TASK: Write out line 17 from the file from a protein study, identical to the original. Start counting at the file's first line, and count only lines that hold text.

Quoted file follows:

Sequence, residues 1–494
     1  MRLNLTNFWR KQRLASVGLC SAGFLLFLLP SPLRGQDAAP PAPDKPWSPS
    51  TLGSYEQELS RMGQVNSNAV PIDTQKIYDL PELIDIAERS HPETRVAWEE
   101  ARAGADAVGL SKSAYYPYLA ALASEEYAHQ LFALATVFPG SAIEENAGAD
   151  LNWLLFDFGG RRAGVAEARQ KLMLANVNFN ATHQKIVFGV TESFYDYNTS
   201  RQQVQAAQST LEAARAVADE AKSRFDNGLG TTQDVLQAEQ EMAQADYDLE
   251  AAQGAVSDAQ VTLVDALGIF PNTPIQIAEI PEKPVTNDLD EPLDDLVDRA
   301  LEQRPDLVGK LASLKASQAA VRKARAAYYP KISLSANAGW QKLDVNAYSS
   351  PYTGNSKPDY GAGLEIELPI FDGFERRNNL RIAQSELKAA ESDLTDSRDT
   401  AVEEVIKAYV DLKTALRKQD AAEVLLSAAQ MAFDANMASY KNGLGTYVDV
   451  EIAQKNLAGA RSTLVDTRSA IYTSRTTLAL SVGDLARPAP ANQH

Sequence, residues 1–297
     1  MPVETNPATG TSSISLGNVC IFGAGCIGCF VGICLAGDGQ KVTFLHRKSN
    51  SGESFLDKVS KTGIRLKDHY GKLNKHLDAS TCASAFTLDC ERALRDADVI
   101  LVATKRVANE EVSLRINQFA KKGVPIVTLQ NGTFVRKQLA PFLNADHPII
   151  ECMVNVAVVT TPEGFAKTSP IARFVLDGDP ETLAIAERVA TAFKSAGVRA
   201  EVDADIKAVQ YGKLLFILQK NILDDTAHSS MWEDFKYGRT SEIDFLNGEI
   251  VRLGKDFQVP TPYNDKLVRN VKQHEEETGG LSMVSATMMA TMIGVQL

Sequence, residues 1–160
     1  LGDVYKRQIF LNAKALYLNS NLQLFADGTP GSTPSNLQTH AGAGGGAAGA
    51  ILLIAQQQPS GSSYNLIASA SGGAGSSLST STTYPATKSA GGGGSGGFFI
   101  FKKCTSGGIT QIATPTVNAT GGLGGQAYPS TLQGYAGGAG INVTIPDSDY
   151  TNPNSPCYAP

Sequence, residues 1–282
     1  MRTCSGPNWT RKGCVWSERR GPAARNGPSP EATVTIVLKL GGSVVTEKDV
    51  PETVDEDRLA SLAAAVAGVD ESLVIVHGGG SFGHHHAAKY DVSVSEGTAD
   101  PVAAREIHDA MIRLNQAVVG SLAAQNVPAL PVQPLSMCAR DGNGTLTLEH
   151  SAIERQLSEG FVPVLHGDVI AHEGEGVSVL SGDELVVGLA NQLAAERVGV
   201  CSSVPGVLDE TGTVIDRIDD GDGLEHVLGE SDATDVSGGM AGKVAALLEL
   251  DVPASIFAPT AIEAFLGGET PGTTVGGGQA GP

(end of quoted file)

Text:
   201  EVDADIKAVQ YGKLLFILQK NILDDTAHSS MWEDFKYGRT SEIDFLNGEI